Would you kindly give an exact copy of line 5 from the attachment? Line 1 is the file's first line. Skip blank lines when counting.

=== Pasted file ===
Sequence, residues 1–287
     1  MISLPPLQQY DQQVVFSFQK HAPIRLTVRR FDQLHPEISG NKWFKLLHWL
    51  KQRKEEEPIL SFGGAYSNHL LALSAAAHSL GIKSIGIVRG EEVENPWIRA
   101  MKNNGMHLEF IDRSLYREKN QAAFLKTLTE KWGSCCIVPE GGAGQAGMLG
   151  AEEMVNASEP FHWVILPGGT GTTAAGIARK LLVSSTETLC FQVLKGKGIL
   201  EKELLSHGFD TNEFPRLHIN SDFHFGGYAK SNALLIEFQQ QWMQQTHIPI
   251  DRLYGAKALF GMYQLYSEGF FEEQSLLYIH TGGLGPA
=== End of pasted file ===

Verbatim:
   151  AEEMVNASEP FHWVILPGGT GTTAAGIARK LLVSSTETLC FQVLKGKGIL